Overall, I’d say The Vault would work better as a straight-up thriller rather than a mixed-genre that combines a crime story with supernatural horror. The good production values and intriguing premise, though, are not enough for me to recommend the film.

Vault featureUnless you are down for a moustached, grumpy James Franco! If that’s the case, go watch The Vault now, otherwise just avoid it. Cheers!

The hunting game we were waiting for. Killing Ground – movie review

Has anyone seen Eden Lake (2008)? It is that British movie starring Kelly Reilly and Michael Fassbender go on a camping trip by the lake and get assaulted by a group of twisted teenagers who turn their love escape into a terrible nightmare.

Well, Killing Ground, written and directed by Damien Power, is the Australian counterpart of Eden Lake, although better executed and acted than the already very good English film.

Killing-Ground- 3By the clever usage of non-linear storytelling, Killing Ground tells the story of a couple who go to a remote location to find peace and spend a nice weekend away from the civilisation. Soon their expectations will be let down and they’ll find themselves immersed into a mortal hunt-and-pray game where the odds are extremely adverse.

Simultaneously, though, the movie tells another story, which happened before the main one.

Other than the particular technique utilised to tell the events (never left to exposition, instead always for the viewer to figure out), Killing Ground is a straightforward horror thriller which runs for 89 minutes without a single dull moment or a sequence that makes you feel relieved.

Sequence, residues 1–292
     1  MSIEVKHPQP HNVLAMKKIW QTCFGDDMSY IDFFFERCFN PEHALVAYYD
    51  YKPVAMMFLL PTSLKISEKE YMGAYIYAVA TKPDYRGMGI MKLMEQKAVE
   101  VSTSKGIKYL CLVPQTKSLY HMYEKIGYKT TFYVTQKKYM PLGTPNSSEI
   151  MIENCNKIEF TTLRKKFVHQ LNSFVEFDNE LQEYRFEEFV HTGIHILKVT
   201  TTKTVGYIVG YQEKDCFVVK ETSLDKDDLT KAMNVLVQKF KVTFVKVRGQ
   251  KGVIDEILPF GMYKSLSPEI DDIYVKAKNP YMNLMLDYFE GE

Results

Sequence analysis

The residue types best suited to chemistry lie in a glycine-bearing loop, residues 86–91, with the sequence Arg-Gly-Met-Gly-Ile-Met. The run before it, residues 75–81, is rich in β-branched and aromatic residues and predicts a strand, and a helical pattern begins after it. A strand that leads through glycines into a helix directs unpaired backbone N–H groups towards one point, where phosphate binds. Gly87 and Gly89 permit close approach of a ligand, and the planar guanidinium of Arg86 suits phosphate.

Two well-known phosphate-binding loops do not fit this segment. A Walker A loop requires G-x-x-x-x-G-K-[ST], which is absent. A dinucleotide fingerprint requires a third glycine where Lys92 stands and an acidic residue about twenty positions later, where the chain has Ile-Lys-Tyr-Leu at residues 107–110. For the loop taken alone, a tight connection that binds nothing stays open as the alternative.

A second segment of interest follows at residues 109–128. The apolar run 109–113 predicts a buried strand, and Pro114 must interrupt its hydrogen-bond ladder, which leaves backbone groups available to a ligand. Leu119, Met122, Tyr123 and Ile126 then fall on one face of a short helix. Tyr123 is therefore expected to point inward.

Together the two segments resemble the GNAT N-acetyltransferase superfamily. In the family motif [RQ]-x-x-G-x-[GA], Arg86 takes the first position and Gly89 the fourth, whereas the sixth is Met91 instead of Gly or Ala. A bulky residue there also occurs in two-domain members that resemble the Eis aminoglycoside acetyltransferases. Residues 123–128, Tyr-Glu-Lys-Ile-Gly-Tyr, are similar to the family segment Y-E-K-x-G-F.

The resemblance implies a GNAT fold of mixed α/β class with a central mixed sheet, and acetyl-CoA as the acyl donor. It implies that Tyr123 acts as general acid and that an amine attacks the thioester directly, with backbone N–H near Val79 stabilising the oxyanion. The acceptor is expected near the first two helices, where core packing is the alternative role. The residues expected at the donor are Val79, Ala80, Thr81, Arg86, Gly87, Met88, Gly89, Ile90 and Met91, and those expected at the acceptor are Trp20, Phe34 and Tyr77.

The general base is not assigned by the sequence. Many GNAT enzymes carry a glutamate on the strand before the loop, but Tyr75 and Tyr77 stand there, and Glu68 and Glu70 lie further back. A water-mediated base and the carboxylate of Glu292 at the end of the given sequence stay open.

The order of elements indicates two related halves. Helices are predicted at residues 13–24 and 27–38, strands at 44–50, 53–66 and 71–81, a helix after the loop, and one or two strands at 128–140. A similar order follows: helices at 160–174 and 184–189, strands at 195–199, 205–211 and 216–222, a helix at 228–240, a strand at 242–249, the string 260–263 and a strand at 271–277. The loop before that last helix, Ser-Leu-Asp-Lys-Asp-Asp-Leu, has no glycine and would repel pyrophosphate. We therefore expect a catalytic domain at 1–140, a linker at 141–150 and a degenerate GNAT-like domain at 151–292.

Everything but pretentious, this flick is a pure adrenaline ride filled with compelling characters (villains included), drama, action and an overall sense of dread and tension.

The biggest achievement Mr Power reached in this movie consists of the ability to give a new look to something we have seen before tons of times.

The direction is immaculate. The editing, only external interference to the story, perfectly connects the two storylines and is refreshingly clean and subtle. The soundtrack – or I better say lack thereof – is barely noticeable but fully part of the story development.

Yet, the restraint location and limited use of actors makes for compelling characters in Killing Ground. Every single one of them is well-rounded and, pleasantly surprising, none of them is formulaic.

Shot entirely on location, the movie doesn’t use CGI throughout the entire runtime. The practicality behind every special effect cooperates to create a greedy atmosphere, despite a colourful and vivacious cinematography.

Killing-Ground 1I found myself looking in pure delight at the lack of black and white in this film: the good guys are not heroes and the villains (although fairly depicted as sadistic psychopaths) appear normal to the rest of the community and, therefore, to the audience in the scenes where they are dealing with other people.